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Patience Not (Always) Required

If you’ve been knitting for any time at all, you’ve likely heard someone say, “I’m not patient enough to be a knitter” .

While knitting is definitely a form of slow fashion crafting, you don’t have to have a wellspring of endless patience to do it.

If you’re staring down a hefty project and you’re starting to feel like it will never end, let me share some of my survival secrets.

  1. Block it early. There, I said it. We don’t have to wait until the end to block our project – especially when it comes to sweaters. If you’re just dying to see how the pattern or fit will develop after blocking, get those stitches onto long enough needles (or two long sets of circulars – just be sure they’re metal ones) so it can lay flat. Give it a soak, then pin it down and let it block just like you would normally do; the only difference is you have a set of needles attached. Blocking partway can give you an idea of the finished product, and can be quite encouraging to help you get through to the end. (I still do a full-on block at the end, or at least block the section that wasn’t blocked the first time. Partial blocking can be awesome for checking fit and making sure you’re on the right track.)
  2. Speaking of blocking early, you can also use a steamer to give your knitting a quick steam block to get a feel for (this is the one I use). Steam blocking is no substitute for the real thing, but it can give you a sense of progress.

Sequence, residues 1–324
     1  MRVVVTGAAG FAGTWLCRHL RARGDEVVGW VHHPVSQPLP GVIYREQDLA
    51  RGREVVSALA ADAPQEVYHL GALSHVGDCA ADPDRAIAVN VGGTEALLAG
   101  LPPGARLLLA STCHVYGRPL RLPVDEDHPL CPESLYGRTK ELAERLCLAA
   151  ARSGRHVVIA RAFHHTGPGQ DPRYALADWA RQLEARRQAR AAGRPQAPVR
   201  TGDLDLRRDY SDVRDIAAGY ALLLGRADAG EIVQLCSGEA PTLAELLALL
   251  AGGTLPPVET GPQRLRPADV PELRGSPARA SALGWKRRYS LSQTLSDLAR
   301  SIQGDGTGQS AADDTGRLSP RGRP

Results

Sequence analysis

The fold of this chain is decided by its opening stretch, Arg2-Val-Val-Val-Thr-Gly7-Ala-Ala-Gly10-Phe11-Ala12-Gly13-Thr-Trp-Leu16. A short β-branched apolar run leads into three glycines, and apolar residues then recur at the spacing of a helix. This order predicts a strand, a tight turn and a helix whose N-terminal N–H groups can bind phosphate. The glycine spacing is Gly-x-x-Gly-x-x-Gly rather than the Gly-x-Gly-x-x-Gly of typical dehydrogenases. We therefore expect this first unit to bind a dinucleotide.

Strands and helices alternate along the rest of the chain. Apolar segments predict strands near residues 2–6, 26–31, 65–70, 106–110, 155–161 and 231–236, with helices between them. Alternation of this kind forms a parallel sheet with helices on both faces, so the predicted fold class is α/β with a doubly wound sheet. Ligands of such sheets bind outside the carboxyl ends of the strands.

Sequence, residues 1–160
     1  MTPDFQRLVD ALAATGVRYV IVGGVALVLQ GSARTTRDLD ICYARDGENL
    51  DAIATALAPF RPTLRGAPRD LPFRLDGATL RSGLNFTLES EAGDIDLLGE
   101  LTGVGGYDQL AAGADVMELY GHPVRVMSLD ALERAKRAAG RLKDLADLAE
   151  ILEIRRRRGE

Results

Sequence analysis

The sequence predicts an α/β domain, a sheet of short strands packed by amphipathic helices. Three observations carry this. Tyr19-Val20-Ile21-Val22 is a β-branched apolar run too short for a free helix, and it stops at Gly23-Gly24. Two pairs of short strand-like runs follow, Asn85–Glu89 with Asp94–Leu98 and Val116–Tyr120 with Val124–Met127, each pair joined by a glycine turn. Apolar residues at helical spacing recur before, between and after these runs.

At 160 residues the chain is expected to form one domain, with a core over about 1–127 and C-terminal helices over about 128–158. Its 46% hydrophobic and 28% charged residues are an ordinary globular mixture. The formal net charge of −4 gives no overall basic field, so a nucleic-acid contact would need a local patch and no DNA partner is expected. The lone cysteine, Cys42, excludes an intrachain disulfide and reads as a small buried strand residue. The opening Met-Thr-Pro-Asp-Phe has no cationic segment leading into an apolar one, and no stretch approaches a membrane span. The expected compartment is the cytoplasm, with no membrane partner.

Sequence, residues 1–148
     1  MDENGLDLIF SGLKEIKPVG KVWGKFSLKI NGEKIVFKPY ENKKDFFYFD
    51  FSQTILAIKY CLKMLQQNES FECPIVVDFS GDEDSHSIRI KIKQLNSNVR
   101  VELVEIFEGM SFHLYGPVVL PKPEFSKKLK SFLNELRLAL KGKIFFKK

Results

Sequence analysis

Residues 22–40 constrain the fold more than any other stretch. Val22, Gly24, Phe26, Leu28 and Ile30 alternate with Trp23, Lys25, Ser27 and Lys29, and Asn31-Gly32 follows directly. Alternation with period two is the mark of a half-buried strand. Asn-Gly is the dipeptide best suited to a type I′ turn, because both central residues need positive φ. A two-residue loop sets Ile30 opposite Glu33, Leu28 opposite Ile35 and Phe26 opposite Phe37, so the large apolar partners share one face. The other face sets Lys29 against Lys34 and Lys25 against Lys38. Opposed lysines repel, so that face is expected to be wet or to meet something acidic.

3. Rotate projects. If the idea of knitting through one long project start to finish makes you weary, it can help to have several different types of projects on the needles so you can rotate between them. The little “wins” of finishing smaller projects can break up the monotony of the longer ones.
  4. Have a support group. Knitting with friends can be an incredible motivator to finish a project. They’ll likely ask how it’s coming along or want to see progress at the next night.
  5. Speaking of a support group: Social knitting can be a great way to power through long stretches of mindless knitting. If you find yourself struggling with sleeve island or knitting miles of stockinette stitch, save the project for social knitting time. You’ll be surprised how much progress you can make when you’re a bit distracted.
  6. Use a progress keeper. Progress keepers are terrific for marking progress, especially when it feels like you’re knitting and knitting and knitting and somehow your project isn’t growing (or seems to be growing shorter??). Just clip a little progress keeper on your last row and leave it in place so you can actually see progress happening as you move further and further away from it.
  7. Set goals. Sometimes I give myself little challenges (and rewards) for making progress on a project that feels like it’s never going to end. I’ll challenge myself to knit 2 inches/5 cm on the project each day, and my reward will be that I can then work on a new project I’m more excited about. It might seem silly, but it really does help.

Being a knitter isn’t only for patient people. Remember there are shortcuts, little wins along the way, and tricks for avoiding burnout. It’s not cheating if it keeps the project interesting and helps you finish.

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